From: Kathleen Smith
A unifying mission: The U.S. needs to help as many victims of war and persecution as it can while keeping an acceptable level of safety within its borders, maintaining a reasonably stable economy and remaining true to the Constitution.
How do we balance our desire to help and even save the victims in these countries, with the dangers and difficulties, both short term and long term, of importing a downtrodden people from countries that hate the U.S.?
There is an inherent danger to welcoming immigrants from countries that hate the U.S. The risk involved is complex to evaluate because it comes not only from an occasional violent jihadist, but from another subset of potential immigrants who are “Sharia supremacists.” Although Sharia law is incompatible with the U.S. Constitution, it is likely not the goal of most immigrants either. This is an ideology that doesn’t value our freedoms and would see our women subjugated, our gay citizens stoned and everyone converted to Islam. This is all some immigrants have ever known.
The balance is going to be tricky. We need a plan that will:
1. Prioritize those in most danger of persecution first, then work in an orderly fashion down the line.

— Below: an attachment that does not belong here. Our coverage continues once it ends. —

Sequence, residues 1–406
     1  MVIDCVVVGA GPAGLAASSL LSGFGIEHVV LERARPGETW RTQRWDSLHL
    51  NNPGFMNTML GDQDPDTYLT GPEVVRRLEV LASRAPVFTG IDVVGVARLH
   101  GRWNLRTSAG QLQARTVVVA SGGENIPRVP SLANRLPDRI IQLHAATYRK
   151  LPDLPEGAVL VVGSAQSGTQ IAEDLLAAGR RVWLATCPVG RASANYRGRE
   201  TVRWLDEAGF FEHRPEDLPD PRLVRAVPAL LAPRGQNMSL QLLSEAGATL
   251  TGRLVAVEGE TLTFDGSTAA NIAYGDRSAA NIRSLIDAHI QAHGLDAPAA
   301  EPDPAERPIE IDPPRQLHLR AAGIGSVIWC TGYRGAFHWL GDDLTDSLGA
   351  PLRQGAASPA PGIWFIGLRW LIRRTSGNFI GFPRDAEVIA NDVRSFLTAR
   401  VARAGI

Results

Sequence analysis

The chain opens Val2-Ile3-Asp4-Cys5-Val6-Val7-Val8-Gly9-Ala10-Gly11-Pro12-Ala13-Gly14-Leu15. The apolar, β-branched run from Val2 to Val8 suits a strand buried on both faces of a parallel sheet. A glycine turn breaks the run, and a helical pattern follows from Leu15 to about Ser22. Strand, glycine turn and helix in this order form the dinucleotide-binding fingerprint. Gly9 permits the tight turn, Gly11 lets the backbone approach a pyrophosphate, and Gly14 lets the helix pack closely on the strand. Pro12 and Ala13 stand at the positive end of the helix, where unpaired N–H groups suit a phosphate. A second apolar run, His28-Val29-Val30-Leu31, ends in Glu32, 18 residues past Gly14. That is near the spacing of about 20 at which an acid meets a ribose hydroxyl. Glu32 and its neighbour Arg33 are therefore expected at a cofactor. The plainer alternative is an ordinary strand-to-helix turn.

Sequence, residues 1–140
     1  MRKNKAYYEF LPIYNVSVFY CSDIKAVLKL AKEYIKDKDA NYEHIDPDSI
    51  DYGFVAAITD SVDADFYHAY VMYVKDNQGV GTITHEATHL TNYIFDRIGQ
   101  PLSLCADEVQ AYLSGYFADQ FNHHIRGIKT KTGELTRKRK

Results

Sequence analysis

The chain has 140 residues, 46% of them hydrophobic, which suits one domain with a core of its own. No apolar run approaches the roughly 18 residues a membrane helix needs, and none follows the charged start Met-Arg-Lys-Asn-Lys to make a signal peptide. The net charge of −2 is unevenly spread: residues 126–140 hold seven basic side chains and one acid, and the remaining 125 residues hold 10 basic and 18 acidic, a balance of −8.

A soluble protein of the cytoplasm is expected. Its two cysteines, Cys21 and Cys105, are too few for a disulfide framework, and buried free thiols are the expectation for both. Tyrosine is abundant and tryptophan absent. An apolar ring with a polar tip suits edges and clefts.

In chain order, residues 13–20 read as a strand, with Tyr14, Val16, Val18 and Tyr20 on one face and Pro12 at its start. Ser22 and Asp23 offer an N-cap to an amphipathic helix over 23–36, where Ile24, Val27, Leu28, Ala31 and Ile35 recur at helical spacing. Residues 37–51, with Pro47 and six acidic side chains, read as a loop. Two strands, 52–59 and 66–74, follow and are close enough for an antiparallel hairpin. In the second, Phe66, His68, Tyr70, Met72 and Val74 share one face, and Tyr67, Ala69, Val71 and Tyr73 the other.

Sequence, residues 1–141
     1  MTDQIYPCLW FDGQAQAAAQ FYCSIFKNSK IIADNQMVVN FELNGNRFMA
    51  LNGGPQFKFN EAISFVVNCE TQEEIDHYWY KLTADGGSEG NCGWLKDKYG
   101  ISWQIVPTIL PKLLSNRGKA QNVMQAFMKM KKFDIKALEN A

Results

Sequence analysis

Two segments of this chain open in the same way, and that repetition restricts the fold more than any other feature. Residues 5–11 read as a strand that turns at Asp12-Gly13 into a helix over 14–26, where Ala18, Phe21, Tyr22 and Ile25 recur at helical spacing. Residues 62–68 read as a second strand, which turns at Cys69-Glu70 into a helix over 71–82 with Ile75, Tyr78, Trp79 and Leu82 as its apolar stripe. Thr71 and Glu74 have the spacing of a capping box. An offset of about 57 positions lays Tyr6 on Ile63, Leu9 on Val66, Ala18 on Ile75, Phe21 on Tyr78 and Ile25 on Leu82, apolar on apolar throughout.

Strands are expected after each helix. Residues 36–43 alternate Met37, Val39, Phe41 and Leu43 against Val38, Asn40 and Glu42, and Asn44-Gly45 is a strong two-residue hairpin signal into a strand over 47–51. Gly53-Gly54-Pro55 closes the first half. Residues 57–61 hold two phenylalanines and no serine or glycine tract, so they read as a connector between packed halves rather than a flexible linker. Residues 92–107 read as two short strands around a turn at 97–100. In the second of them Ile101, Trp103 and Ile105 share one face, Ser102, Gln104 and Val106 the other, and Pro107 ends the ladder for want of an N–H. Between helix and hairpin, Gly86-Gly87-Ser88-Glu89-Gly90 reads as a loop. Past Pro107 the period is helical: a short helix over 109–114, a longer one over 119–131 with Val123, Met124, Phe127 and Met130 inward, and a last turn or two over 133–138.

2. Improve our chances of catching those intending to kill us or violate our Constitution, but not unnecessarily delay the processing and welcoming of peace-seeking immigrants.
3. Successfully resettle, then monitor those we have admitted.
4. Help those left behind, who will have to shelter in place.
We, as Americans, should be able to have rational discussions on this topic and welcome peace-seeking refugees. One side’s worry and concern over the plight of refugees shouldn’t be dismissed, but neither should the other side’s rational concerns about safety and the American way of life be delegitimized by name-calling.
Recently, people have tried to stake a claim to a moral high ground. They imply that citizens who would even consider a temporary pause in immigration (from countries that hate us and where “Sharia supremacy” runs rampant) are racist, xenophobic or lacking religious faith. They are quick to brag about their own tolerance, while dismissing concerns over importing some very intolerant people.
There are letters, commercials, sermons and protests over a temporary pause. Where was the outrage over the pause (likely appropriate) in 2011? Where is the outrage over the reversal in the way Cuban refugees are treated? (Really, only Florida was outraged.) Where is the celebration of the nomination of a pro-life supporter to the Supreme Court? Where are the faithful advocating for Christians who, along with Yazidis, as minority religions, are at the highest risk of persecution in Middle Eastern countries, but have been last in line?
To speak from a moral high ground, one must be consistent, and the protest or praise shouldn’t be dependent on politics. Unfortunately, this isn’t always the case, as I have pointed out above. So, to those looking down on others: Be careful; your pseudo moral high ground is crumbling, and your hypocrisy is showing.